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Early Electronic Television

DuMont 180 Restoration

The Cabinet: (pictures) The cabinet is in excellent condition. All that is needed is some touchup.

The Chassis: (pictures) The chassis will be cleaned with water and a mild detergent using soft brushes to get into small places. Then, all paper capacitors will be replaced with modern ones (see the procedure for this). Each electrolytic capacitor will be tested for leakage and capacity. If bad, new electrolytics will be installed inside the old ones. The high voltage (EHT) capacitor also had to be rebuilt.

The CRT and sweep circuits are copies of the Cossor 137 design, using American rather than British tubes.

The RF amplifier, oscillator and first IF stage have been modified with postwar miniature tubes (valves), and one stage of IF amplification has been eliminated. I have re-installed the original tubes for the first and second IF (6AC7). Now I need to find out what the original tuner looked like. DuMont made two different chassis for their sets. Our 180 is an early model, and is different from our 183X. The tuner is completely different. I will attempt to find an early chassis and get photographs of the tuner so that I can reconstruct the original design.

I now have pictures of the original tuner. Most of the components are visible, but the coils in the RF amplifier stage are hidden under the switch. Here are photos of the original tuner and the replica I have built.

I had to experiment with the RF coils until I found the proper number of turns. I now have the RF amplifier and mixer stages working. Only the oscillator needs to be completed.

The tuner is now complete, and it works perfectly. The capacitors have been rebuilt. This set has 4 power supplies: +3500v, -3000v, +1500v and +300v. All of these supplies now work, and I have started debugging the sweep sections. The sweep sections now work, as do the video amplifier and sync circuits. I inserted a video signal at the input of the first video amplifer, and got a decent picture on the screen.

DuMont had four different CRTs in their pre-1945 sets. The first was the 144-9-T. These tubes were used in the 180, 181 and 183 sets of 1938 and early 1939. In  mid 1939 an intensifier anode was added to the 144-9-T. Later that year the 14AP4 was introduced, with an intensifier anode. These tubes were used in the 180X, 181X and 183X sets. After the war the K1003P4 was introduced as a replacement for these tubes.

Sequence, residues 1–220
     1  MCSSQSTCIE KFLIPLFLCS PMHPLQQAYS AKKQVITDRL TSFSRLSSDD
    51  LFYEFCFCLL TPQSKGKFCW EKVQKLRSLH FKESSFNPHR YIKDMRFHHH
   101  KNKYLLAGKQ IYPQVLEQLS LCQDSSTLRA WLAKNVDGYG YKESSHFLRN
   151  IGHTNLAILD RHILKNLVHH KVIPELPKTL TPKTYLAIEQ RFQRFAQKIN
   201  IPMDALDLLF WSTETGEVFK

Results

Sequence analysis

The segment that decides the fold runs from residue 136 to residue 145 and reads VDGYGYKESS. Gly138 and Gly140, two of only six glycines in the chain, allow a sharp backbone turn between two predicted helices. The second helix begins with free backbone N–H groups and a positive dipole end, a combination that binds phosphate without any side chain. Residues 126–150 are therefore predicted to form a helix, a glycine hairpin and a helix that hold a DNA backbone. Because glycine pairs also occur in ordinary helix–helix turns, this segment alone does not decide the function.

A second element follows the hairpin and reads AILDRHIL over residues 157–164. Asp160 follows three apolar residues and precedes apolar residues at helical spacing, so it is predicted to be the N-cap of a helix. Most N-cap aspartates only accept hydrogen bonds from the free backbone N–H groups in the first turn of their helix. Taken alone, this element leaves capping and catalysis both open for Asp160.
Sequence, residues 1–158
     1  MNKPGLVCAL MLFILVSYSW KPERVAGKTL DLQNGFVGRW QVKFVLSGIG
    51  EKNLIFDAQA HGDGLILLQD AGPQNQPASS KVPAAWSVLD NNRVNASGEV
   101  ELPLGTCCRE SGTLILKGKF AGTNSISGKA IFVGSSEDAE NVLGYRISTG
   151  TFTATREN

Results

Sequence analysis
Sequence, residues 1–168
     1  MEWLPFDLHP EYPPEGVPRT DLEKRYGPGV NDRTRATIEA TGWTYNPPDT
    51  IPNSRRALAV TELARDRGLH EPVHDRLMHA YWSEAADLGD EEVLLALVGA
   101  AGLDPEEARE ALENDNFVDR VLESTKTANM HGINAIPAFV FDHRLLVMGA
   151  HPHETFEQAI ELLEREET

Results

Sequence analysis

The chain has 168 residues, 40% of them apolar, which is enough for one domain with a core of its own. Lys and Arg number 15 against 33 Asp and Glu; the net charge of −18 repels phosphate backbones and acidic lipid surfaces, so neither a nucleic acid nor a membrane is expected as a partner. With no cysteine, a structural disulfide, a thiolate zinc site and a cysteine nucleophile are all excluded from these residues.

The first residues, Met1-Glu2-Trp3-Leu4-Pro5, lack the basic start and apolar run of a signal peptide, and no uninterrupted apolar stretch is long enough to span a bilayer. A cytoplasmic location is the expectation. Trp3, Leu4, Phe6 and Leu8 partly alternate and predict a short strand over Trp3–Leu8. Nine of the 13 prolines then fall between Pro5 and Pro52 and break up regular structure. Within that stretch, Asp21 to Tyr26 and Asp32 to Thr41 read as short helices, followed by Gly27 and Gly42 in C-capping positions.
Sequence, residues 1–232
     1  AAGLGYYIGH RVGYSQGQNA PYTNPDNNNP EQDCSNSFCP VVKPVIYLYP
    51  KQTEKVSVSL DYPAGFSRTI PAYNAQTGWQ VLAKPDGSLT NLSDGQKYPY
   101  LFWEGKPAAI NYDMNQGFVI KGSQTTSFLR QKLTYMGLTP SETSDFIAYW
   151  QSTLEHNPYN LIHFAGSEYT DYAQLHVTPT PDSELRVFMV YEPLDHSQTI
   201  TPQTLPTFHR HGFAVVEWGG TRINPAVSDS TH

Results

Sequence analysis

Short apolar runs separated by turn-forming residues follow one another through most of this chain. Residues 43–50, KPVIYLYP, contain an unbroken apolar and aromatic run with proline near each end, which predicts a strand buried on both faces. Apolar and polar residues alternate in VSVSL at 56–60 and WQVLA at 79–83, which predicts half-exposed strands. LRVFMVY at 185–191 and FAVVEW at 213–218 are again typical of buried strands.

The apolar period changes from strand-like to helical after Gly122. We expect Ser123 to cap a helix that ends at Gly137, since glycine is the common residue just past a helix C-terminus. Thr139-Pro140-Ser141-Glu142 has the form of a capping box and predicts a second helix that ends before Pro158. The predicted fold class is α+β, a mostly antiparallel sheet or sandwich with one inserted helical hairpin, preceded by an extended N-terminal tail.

Our 180 has a 144-9-T with the intensifier anode. Unfortunately, it has an open filament. Our 183X has a K1003P4 tube, which I tested in the 180 chassis. The tube works perfectly. Actually, our K1003P4 is a developmental tube. The CV-1085 radar tube with a P7 phosphor should work in this set as a replacement.

While debugging the set the HV (EHT) transformer started smoking. It will have to be rewound. Apparently the transformer had moisture in it which has been driven out by the heat. It no longer overheats.

The set now has a good picture and sound.

When I took the chassis from my workbench to the museum and put it in its cabinet there was a periodic discharge of the high voltage (EHT), causing the picture to flash about once a second. I took it out of the cabinet and turned the lights out and brightness down, but couldn't see any flashing.

I took the set back to my workbench, and the problem disappeared. Took it back to the museum, and it started the discharge again.

Back at the museum I listened to see if I could localize a thumping noise that went with the discharge. It seemed to come from the area of the chassis where the CRT voltage divider for the focus, brightness, etc. was. I then started disconnecting parts. Finally, when I disconnected the coupling capacitor from the video output to the tube the discharge disappeared.

That capacitor is a .05/4000v inside a metal tube with cardboard on top. I had previously removed the cardboard, cut the metal in half, removed the old capacitor and installed a new one. I took it apart again, and noticed that a small piece of metal that was part of the old capacitor was still there, creating a gap of about 3/16 inch between the metal can and the lead coming out (which was connected to the grid of the CRT, at -3800v). This gap was causing the discharge.

My theory is that the humidity was different at the bench, and thus no discharge.